15 Now, how did this sharp contrast arise? An illusion: a steadfast reality. A dream: a fact. A disease of the mind: a cardinal virtue. Hope cannot be both. Is the world right, or the New Testament? Is it a bit of folly or is it precious beyond price? What is the solution of the dilemma?
The answer is not difficult. They are talking of different things. There is a higher
20 and a lower hope. There is a genuine quality and a counterfeit. There is a real article and a substitute. There is gold and there is gilt. Let us look at each of them in turn…

In accordance with the chosen method of analysis we will show how the arguer strategically uses the topical potential, adapts his message to the views and preferences of the audience and exploits some presentational devices. Analytically, four stages can be distinguished both in an argumentative dialogue and a monologic message. The presented passage is a confrontation stage in which a difference of opinion manifests itself through an opposition between one or more standpoints.

4.1. Strategic maneuvering evaluating
From the available topical potential the arguer selects the most appropriate topos for the audience under the circumstances which is connected with the theme of hope.

One of the presentational devices is an antithesis arising from contraposition of two opponents opposing (World and New Testament) in regard to how hope should be understood. The author forms a kind of argumentative dialogue (lines 1-14) between the first side members (people, cinic, soldier, scientists) and the second one (Apostle Paul, the text of New Testament, the author of the Epistle to the Hebrews). Among the other presentational device one can note a hypothetical question and the antithesis on the phrasal level (line 4-18).

The statements from the first group are put forward as arguments (line 1-4) for better adapting the chosen topos, while the arguer mentions an entire audience, each member of which can be the author of these statements. A slight shift towards rhetorical aim is being traced, that is, strategic maneuvering in regard to the position of this party, known as “Hasty Generalization” fallacy. Dialectically it is not correct to posit that “the common assessment of hope in the world” as “a poor, vain, deceptive thing” based on the opinions of people listed is totally accepted. However, in accordance with the objectives of the article, it is more interesting for us to analyze the strategic use of topical potential of the sermon. The theme chosen by Sangster rather presupposes an appeal to emotions and intuition (ethos) than to logic (logos). It is known that there are several hundred topoi in the Bible related to the theme of hope These topoi are a kind of figures of scenes with their spatial and temporal scales. This allows the author, by quoting from the Scripture, to expand the topical potential of the sermon so as to form a series of disagreements between the two groups («An illusion: a steadfast reality. A dream: a fact. A disease of the mind: a cardinal virtue») and perform the aim of argumentative message at the given stage.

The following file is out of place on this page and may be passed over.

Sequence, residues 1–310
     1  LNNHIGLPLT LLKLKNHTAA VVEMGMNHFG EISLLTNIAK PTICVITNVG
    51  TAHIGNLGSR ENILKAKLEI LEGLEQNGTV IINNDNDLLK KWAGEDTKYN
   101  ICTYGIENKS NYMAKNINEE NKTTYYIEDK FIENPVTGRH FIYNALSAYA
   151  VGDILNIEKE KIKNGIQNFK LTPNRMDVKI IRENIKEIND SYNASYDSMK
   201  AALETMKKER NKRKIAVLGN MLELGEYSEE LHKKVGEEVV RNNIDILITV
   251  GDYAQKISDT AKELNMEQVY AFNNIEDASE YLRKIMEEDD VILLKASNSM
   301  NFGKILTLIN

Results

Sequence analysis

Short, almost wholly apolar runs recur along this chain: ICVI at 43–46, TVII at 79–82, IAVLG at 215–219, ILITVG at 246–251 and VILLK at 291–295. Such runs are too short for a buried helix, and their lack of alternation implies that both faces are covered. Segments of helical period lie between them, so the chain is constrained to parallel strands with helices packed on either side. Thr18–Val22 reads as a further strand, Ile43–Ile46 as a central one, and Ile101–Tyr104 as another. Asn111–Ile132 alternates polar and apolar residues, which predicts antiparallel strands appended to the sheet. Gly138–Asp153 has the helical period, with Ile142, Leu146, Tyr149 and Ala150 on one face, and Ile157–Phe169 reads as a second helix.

Obviously, the purpose of the whole speech is to convince the audience to think and act in a certain way and also to renew and strengthen their faith.

Realization of the third principle of the distributed cognition phenomenon, when earlier events, mentioned in the Books of the Scripture affect the subsequent events in people`s life, is clearly seen using this example.

5. Conclusion
Going back to the purposes of the article, we claim that the presented approach still requires a thorough scientific reflection. However, we can say that it opens a new vista of argumentation study in the aspect of communication. For instance, the biocognitive paradigm and in particular the theory of distributed cognition offers an alternative to transmission model of communication and dissolves the traditional divisions between the inside/outside boundary of the individual and the socium/cognition distinction.

An important conclusion is the fact that the fields of argumentation studies and communication studies have much to gain from one another. The biocognitive theory and its accompanying research areas have strong explanatory potential in explaining the issues in the argumentative communication functioning in various fields of human activities. The argumentative discourse by virtue of its tough addressing presents a fruitful ground for investigation the language orienting function.

We argue that ethos, which is realized in the socially and subjectively conditioned values, shared by members of a community, patterns of behavior, some stereotypes, images while being one of the constituent of the category topos, is also an implicit component of persuasion in interpersonal argumentation.

It is noteworthy that the concept of strategic maneuvering, which postulates that in the argumentative discourse the arguer`s goal – to win the debate, to convince the audience is always traced, confirms the conclusion of even a radical variant of biocognitive theory concerning the adaptive function of language.